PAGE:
book of life. Indeed, because God knows the future, He knows who will persevere
(the elect). These are the people whose names are in the book of life. But
Jesus in Rev. 3:5 warns us that He can blot our names out of the book of life
if we fail to persevere.
Col. 3:23-24 – “work heartily as serving the Lord, not men, knowing that from
the Lord you will receive the inheritance as your reward.” This is another
verse used to prove “once saved, always saved.” But the verse says our
inheritance depends on “working heartily.” It’s not just a matter of accepting
Christ as Savior, but working heartily in perseverance. If we persevere, then
we will indeed receive the inheritance as our reward.
2 Tim. 1:12 – “But I am not ashamed, for I know whom I have believed, and I am
sure that he is able to guard until that Day what has been entrusted to me.”
Another verse proving “once saved, always saved?” Of course not. Paul is
writing about the Revelation of faith with which God has entrusted him, and
specifically that God will preserve his ability to teach the faith until the
end of his life (see v. 13 where Paul then exhorts Timothy to safeguard this
deposit of faith as well).
2 Tim. 4:18 – “the Lord will rescue me from every evil and save me for his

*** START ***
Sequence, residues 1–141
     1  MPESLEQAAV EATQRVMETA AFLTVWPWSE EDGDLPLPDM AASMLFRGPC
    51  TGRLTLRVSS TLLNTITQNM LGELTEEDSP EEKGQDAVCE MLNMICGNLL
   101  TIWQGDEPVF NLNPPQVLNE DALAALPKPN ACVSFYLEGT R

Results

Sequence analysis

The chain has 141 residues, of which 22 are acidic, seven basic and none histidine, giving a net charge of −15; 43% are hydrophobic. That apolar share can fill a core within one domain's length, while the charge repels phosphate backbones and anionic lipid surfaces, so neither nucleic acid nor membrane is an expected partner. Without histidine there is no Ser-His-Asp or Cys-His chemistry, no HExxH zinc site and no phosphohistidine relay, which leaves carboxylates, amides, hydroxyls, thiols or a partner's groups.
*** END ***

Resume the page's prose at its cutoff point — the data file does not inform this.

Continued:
heavenly kingdom.” Again, this verse demonstrates God’s faithfulness to us, but
God’s ability to save us also depends upon our cooperation. God preserves His
elect, but only He knows who are His elect by His foreknowledge.
1 Peter 1:3-5 – Peter says we are born anew to a living hope through the
resurrection of Jesus Christ and to an inheritance which is imperishable, who
by God’s power are guarded through faith for a salvation ready to be revealed
in the last time. No Protestant, however, would argue that all of northern Asia
Minor (to whom the letter was addressed) was saved. The verse simply sets forth
the tautology that God’s elect are saved (by God’s grace and the elect’s
perseverance), but only God knows who are His elect.
1 John 5:18 – John writes that anyone born of God does not sin (this, of